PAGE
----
Doubleday has published a translation of Henri Troyat’s Tolstoy. This translation by Nancy Amphoux seems competent, but it is smoother in the French, which makes the conflicts and vicissitudes of the tumultuous Tolstoys run off at a very rapid pace—although the French version, as a piece of bookmaking, is of a clumsiness quite foreign to the French tradition. One would have expected a paperbound two volumes like Troyat’s biography of Pushkin, but what we get is a hardbound monstrosity, six by almost nine inches and almost three inches thick, which is nearly impossible to handle without a reading rack.
This huge volume is introduced on the jacket as follows in a blurb signed Jean Bassan:
Tolstoy and Troyat suggest an easy parallel: two names that begin with T, two Russians at least in origin [Troyat is actually Armenian], two stout and solid fellows (deux gaillards solides et larges), two mountains of blackened paper, two authors of romans-fleuves, of historical novels, two great novelists of the Russian land, the same classical predisposition for simplicity and work well done. All this goes without saying.
The writer then goes on to point out certain differences, among them that Tolstoy was born in 1828, whereas Troyat was not born till 1911. This idiotic ballyhoo should not, however, prejudice one against M. Troyat’s book, which is, so far as I know, the best presentation of Tolstoy’s whole career that is at present available in English. Aylmer Maude’s The Life of Tolstoy is still an indispensable work—I am sorry to see that it no longer appears in the list of the World’s Classics—because Maude was one of Tolstoy’s secretaries as well as a trusted translator, and is able to give a firsthand account of Tolstoy’s domestic relations and of the difficulties caused by the interference of Chertkov, the old man’s tyrannical disciple.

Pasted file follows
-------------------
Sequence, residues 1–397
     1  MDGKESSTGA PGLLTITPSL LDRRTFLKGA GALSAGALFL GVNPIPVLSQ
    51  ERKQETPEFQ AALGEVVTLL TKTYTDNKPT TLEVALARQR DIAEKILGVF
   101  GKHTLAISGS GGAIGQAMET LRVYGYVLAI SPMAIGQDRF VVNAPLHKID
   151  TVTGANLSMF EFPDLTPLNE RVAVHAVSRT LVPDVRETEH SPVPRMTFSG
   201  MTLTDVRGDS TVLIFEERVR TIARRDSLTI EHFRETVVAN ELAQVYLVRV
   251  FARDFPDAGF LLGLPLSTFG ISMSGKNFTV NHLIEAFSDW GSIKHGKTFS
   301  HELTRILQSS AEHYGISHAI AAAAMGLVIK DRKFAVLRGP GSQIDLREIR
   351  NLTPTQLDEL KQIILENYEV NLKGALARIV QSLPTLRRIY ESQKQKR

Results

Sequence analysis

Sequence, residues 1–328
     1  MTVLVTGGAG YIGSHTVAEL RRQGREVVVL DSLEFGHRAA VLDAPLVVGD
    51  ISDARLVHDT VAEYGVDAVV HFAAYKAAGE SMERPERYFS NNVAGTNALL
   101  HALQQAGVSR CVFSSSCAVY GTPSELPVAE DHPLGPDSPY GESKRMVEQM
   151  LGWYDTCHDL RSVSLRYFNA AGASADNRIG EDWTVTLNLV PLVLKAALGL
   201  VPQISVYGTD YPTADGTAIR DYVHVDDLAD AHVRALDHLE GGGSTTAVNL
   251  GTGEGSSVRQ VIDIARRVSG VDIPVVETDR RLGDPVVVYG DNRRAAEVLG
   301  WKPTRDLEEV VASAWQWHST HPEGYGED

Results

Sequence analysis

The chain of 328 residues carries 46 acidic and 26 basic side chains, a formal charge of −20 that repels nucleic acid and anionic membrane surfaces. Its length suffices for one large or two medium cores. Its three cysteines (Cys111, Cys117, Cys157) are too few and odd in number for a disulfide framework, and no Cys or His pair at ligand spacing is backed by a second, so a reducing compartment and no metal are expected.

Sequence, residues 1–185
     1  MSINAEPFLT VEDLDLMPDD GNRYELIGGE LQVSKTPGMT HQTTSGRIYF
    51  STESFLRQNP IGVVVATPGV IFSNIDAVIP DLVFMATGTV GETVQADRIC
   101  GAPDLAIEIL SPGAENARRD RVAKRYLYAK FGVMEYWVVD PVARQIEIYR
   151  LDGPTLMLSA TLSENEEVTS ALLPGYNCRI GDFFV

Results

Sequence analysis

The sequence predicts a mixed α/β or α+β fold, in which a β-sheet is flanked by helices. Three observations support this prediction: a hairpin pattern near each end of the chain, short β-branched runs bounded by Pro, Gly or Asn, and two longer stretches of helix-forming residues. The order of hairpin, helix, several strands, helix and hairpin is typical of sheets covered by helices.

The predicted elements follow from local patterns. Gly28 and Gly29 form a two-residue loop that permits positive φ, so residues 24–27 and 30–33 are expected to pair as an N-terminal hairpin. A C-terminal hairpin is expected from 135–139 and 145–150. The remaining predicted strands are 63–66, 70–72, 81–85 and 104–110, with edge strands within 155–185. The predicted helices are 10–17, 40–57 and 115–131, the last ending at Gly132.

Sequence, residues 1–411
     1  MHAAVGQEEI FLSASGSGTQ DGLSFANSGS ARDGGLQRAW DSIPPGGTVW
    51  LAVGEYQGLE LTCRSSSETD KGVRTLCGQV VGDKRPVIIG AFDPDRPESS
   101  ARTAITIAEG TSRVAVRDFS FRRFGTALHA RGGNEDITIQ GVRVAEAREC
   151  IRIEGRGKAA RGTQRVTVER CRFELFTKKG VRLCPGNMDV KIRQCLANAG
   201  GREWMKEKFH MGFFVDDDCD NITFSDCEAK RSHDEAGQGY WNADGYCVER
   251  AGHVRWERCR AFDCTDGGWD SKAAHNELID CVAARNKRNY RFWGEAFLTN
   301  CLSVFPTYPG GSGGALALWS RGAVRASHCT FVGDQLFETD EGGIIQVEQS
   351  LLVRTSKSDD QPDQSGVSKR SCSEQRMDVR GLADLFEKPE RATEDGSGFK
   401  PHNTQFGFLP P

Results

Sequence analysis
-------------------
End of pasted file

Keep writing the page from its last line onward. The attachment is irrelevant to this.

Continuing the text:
What M. Troyat has put together is a record of Tolstoy’s life from the copious letters, diaries, and memoirs of Lyov Nikolaevich himself, his wife, his children, and his friends. Has ever an eminent writer been so documented by written evidence? The number of members of the family who kept diaries seems from our point of view incredible. One of the daughters, Tanya, started hers at twelve. The conflict between Tolstoy and his wife over Chertkov, against whom she developed, not, it would seem, without cause, a mania of jealousy, over the right to publish her husband’s writings, on which she was partly dependent for the income to support the family, and over the possession of his later diaries, in which she felt she had been maligned—all this has been pieced together in a depressing but absorbing narrative.
The comic aspects of Lyov Nikolaevich’s life from the moment of his religious conversion are too obvious and too well-known to be described here at length. While preaching chastity, poverty, and the inescapable obligation to share the manual labor of …
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Voskresit’ May 20, 1971